Microsoft Graph: Everything you need to know

We have already seen Microsoft bringing in many services focused on consumers and enterprise in the market that sometimes it becomes difficult for us to keep up with different services on different devices. Microsoft launched Windows Phone way back. People actually expected a better connection and communication between the mobile device and the PC. I am not saying that Microsoft did not do it. They did it perfectly. The PC and the Phone made a great pair. But for a modern smartphone, you need something more. This is when the Apps come into the picture. A smartphone needs to have a great app support. Unlike Google’s Android and Apple’s iOS, Microsoft’s Windows Phone did not get a great support from the developer community. I know and I appreciate Microsoft’s efforts to get more developers to build apps for their mobile platform but after various Windows Phone platform reboots, it always lacked far behind the competitors. But with the new strategy that comes with new Microsoft CEO, Satya Nadella, Microsoft is moving in a different direction. They call it Mobility of Experience. 

As far as I understand from Satya’s book, Hit Refresh, the world did not need a third mobile phone ecosystem rather; he wanted Microsoft to work on the path of Mobility. Making things easily accessible, making people more productive, keeping a connection between their devices in such a way that they work together for the person and the company together. He visions the future of computing to be natural and more interactive. Hence, we all are seeing Microsoft moving towards an aim of bringing together and making a Windows 10 powered PC and an Android phone or an iOS device work together. Here is where Microsoft Graph plays an important role as the crux of this vision.

What is Microsoft Graph

Microsoft Graph works on the principle of the Data Structure named Graph. Now, Microsoft defines it as,

Microsoft Graph is the gateway to data and intelligence in Microsoft 365. Microsoft Graph provides a unified programmability model that you can use to take advantage of the tremendous amount of data in Office 365, Enterprise Mobility + Security, and Windows 10.

Microsoft Graph

Microsoft Graph comes together with the help of various APIs from different product groups inside of Microsoft. The following APIs help the Microsoft Graph API to start working:

  • Azure Active Directory
  • Office 365 Services like SharePoint, OneDrive, Outlook or Exchange, Microsoft Teams, OneNote, Planner, and Excel.
  • Enterprise Mobility and Security Services like Identity Manager, Intune, Advanced Threat Analytics, and Advanced Threat Protection (ATP).
  • Windows 10 services like Activities and Devices.
  • Education.

You can read more about how services are used and implemented in Microsoft Graph from the official documentation here.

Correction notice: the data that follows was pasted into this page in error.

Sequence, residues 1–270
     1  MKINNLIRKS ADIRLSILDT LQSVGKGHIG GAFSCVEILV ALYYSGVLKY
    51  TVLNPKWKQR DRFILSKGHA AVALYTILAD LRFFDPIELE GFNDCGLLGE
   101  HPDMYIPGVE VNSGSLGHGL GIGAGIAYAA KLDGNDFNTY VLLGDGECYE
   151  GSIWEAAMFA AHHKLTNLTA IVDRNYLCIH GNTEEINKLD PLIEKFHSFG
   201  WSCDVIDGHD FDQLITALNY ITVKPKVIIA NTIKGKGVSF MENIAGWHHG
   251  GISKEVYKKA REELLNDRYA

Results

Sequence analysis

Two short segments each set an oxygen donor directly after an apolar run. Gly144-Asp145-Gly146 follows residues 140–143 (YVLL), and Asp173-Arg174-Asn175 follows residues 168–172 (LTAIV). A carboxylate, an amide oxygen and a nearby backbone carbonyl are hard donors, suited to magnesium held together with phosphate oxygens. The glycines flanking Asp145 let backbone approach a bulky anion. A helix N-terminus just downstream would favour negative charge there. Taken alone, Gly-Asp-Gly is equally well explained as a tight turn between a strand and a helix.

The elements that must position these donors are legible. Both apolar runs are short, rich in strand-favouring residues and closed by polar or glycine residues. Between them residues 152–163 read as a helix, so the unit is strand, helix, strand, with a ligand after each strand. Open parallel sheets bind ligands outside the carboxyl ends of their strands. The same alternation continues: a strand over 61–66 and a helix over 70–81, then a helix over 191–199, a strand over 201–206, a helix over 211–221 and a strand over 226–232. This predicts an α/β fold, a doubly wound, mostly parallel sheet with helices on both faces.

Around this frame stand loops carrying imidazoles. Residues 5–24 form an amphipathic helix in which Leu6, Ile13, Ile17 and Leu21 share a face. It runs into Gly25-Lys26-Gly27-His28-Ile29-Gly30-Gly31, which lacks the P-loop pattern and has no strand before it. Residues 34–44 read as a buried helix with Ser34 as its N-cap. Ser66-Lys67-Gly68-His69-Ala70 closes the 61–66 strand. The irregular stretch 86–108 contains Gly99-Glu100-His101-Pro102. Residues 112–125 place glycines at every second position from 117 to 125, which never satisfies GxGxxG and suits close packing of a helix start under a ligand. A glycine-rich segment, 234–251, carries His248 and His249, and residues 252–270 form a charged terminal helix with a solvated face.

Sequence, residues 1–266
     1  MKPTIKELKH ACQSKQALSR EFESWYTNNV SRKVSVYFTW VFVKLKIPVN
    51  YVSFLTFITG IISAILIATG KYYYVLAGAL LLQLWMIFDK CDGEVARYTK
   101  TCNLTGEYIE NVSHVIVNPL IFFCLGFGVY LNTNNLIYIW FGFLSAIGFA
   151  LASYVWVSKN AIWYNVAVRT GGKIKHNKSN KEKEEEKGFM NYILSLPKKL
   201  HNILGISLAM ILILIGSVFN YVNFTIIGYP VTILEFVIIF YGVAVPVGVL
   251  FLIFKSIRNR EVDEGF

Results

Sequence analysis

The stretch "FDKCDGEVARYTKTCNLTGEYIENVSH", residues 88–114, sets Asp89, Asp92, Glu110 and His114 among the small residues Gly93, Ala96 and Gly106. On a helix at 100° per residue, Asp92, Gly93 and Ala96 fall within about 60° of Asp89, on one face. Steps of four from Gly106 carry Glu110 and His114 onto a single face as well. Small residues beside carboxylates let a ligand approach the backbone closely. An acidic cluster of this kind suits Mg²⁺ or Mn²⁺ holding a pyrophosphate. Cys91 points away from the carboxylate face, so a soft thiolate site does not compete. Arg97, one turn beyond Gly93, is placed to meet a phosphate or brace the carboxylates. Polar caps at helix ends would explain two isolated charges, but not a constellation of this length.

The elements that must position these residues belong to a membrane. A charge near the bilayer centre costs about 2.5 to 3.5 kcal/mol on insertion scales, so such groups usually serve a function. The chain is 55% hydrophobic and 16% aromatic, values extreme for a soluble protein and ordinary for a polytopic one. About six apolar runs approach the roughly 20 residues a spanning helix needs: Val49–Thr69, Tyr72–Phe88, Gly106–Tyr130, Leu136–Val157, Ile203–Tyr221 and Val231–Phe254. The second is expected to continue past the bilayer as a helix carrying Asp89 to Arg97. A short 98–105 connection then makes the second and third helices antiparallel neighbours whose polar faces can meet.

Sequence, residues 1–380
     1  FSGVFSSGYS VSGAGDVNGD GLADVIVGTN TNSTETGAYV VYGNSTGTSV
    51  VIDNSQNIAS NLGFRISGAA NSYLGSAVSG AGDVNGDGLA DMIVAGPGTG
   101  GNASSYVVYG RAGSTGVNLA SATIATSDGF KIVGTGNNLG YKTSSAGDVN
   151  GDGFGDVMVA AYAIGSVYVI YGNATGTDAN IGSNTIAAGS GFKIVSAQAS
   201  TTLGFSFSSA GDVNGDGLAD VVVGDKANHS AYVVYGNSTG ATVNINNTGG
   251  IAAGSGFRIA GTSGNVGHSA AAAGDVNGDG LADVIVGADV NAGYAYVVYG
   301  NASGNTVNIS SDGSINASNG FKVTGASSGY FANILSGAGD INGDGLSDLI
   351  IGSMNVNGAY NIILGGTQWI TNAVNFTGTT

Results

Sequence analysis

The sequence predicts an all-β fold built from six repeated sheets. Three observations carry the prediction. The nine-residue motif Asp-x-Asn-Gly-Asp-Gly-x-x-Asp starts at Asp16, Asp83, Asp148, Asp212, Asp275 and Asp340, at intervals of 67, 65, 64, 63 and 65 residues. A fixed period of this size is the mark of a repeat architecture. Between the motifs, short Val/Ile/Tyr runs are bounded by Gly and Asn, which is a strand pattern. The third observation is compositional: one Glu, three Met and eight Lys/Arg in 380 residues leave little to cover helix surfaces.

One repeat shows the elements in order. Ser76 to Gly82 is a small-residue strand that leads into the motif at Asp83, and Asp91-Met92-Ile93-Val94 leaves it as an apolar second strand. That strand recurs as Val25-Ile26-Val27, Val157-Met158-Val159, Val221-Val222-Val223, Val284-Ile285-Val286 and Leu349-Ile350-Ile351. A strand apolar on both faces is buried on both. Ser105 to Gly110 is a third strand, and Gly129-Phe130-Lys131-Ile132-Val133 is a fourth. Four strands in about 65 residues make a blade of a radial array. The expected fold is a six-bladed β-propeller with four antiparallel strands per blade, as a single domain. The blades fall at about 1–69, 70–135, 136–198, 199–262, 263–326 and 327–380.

What Microsoft Graph helps a user to do is to get connected. The user can now be connected to all the resources across the services that support Microsoft Graph. This is done by making the user to a group using the memberOf relationship. This is slightly developer oriented, so if you are interested, you can read more about this memberOf relationship here. And a user can be connected to another user using the manager relationship. Read more about it here.

Using this kind of model, Microsoft is able to sync in your app data like notifications and Continue on PC feature from your Android Phone, iOS device or a Windows 10 Mobile phone to your Windows 10 PC.

Features of Microsoft Graph

Microsoft Graph helps the app developers make a piece of software that will influence the productivity of their customers very deeply. Some of the major features of Microsoft Graph are listed below:

  • Scans the next engagement in the user’s calendar and helps them to prepare for it by providing various information for the attendees. This set of information includes their job titles, they workgroup, and information about the latest documents and team projects they have been working or collaborating on.
  • Scans the schedule of the user and helps them in scheduling the best time for a meeting.
  • Fetches Office documents and files from a file stored inside of the Cloud Storage (OneDrive) remotely to any device connected in the graph.
  • Studies your workflow and schedule so that it can provide insights to your time spent on meetings or provide recommendations for the ones that are relevant or important to you.
  • Helps the user to differentiate between their work and personal files on the basis of their location in OneDrive for personal files and OneDrive for Business for work files.

Some requests invoked using Microsoft Graph

Operation URL
GET my profile
GET my files
GET my photo$value
GET my mail
GET my high importance email$filter=importance%20eq%20'high'
GET my calendar events
GET my manager
GET last user to modify file foo.txt
GET Office365 groups I’m member of$/$filter=groupTypes/any(a:a%20eq%20'unified')
GET users in my organization
GET groups in my organization
GET people related to me
GET items trending around me
GET my notes

If you are interested to learn more about Microsoft Graph or if you are a developer who wants to build their services with compatibility with Microsoft Graph, head to the official documentation for Microsoft Graph here.

These services can be implemented and used with the Graph Explorer.  You can learn more and get your hands on the Graph Explorer portal here.

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Ayush has been a Windows enthusiast since the day he got his first PC with Windows 98SE. He is an active Windows Insider since Day 1 and is now a Windows Insider MVP. He has been testing pre-release services on his Windows 10 PC, Lumia, and Android devices.

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